Abdi Nor Iftin
Tuesday, August 13th
Abdi Nor Iftin was a Somali refugee who fled to Kenya in fear of the radical Islamist group al-Shabaab. In 2006, while living in a Kenyan refugee camp, Abdi got “the luckiest break of his life:” winning the lottery for a spot on the short list for a U.S. visa. This was his ticket out. But before he could get what was promise, the police start raiding his neighborhood, targeting refugees. Abdi had to fight and struggle, enduring years of difficulty in his quest to move to America.
Abdi visits Alphabet City to recount his story, first told as a radio-documentary on the BBC World Service and This American Life, and now in his urgent and timely memoir Call Me American.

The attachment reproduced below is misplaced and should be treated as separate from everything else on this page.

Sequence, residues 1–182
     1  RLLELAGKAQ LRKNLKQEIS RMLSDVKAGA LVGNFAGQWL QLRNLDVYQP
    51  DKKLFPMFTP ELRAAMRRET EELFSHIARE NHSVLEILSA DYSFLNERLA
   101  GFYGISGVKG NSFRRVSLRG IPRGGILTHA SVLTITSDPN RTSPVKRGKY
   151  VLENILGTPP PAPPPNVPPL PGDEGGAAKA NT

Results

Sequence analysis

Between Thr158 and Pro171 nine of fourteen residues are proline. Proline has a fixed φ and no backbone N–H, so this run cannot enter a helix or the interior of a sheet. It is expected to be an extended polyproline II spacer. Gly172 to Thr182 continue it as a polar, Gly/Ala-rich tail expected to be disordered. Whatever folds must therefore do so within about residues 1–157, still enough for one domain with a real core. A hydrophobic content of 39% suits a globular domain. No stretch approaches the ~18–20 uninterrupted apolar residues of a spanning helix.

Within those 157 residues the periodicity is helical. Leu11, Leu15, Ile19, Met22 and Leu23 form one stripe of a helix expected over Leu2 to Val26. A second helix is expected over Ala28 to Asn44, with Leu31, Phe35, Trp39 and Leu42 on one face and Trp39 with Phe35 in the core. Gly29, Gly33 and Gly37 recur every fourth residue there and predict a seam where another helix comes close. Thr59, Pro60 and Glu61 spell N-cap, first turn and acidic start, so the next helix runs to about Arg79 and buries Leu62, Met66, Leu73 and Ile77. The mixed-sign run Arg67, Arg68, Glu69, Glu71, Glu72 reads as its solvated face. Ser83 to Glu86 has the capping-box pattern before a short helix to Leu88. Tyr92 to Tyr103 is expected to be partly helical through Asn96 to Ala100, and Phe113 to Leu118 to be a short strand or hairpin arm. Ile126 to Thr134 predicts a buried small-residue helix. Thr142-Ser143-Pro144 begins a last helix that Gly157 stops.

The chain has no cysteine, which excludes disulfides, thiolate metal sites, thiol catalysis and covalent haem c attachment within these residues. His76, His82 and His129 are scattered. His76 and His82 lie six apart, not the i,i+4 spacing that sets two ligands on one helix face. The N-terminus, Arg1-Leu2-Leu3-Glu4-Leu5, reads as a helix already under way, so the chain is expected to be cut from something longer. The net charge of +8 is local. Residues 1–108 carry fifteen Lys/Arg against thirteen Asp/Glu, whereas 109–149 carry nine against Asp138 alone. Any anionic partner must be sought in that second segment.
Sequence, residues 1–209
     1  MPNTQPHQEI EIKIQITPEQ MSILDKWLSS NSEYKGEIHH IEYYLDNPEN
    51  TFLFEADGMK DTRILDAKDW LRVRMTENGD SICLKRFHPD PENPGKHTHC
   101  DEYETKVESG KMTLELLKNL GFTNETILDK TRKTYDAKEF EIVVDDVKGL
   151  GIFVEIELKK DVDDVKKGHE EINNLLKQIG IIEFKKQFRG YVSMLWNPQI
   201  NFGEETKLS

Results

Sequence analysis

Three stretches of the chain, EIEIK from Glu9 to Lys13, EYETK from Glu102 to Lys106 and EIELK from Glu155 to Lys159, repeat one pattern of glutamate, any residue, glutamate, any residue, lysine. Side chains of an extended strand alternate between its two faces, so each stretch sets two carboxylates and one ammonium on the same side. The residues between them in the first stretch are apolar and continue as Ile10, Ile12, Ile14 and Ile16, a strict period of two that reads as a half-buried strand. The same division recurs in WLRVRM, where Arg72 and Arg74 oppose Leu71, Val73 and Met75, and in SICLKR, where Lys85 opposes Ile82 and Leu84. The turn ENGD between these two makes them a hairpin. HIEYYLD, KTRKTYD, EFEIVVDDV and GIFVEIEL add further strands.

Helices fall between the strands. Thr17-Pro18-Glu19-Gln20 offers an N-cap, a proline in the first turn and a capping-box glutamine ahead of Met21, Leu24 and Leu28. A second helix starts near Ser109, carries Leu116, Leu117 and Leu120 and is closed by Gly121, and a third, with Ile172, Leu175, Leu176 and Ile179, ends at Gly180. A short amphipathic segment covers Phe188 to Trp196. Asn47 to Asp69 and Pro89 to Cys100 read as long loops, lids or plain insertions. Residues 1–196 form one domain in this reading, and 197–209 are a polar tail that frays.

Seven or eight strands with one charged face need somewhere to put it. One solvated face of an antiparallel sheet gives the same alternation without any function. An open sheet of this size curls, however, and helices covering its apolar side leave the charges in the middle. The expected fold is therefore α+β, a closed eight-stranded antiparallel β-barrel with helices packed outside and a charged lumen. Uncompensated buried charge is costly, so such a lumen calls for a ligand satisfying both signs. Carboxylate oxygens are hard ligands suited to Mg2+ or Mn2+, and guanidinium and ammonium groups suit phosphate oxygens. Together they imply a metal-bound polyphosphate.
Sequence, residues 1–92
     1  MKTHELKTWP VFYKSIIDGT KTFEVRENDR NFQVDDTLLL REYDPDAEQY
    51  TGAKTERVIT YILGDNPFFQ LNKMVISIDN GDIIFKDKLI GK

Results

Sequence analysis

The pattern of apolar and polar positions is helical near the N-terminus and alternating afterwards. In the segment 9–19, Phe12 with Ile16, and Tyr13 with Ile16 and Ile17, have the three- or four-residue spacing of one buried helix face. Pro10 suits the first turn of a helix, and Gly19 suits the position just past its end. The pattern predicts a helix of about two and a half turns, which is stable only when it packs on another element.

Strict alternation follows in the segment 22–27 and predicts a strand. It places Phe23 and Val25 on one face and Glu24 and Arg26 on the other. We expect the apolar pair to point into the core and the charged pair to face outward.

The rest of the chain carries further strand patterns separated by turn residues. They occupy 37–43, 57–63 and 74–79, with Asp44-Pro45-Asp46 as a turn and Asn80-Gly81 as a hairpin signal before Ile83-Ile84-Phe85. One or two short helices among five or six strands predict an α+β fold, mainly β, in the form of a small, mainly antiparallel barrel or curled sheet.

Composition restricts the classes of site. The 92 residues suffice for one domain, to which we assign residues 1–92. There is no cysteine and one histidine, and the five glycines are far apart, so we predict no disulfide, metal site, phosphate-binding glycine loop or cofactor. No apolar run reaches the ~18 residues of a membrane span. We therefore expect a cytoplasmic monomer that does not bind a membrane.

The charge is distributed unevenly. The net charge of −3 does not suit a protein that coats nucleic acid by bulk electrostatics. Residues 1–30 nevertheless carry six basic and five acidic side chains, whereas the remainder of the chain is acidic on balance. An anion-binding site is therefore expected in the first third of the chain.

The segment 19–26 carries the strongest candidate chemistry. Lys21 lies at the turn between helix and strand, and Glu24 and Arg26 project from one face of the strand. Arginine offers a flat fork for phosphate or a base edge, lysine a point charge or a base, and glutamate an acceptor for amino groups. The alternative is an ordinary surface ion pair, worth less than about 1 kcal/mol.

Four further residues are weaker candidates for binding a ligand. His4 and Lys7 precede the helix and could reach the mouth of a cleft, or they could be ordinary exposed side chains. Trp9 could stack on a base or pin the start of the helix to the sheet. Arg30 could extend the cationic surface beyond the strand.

“Riveting… [Abdi Nor Iftin] had to endure famine, war, a precarious life as a refugee, and a visa-rejecting bureaucracy before a green-card lottery win enabled him to emigrate. His narrative is both panoramic and particular, full of irreverent asides, and suffused with appreciation for the humanity of others.” — The New Yorker
Abdi’s voice reads like an old a friend and readers can’t help but cringe at his struggles and cheer for his triumphs. Abdi’s fighting spirit and eternal optimism exude from the work and we think readers will be moved to his story in person.
Abdi Nor Iftin currently lives in Maine. He is studying political science at the University of Southern Maine, and he plays soccer every Saturday in a melting-pot league of Americans and immigrants from around the world.alphabet city, city of asylum, reading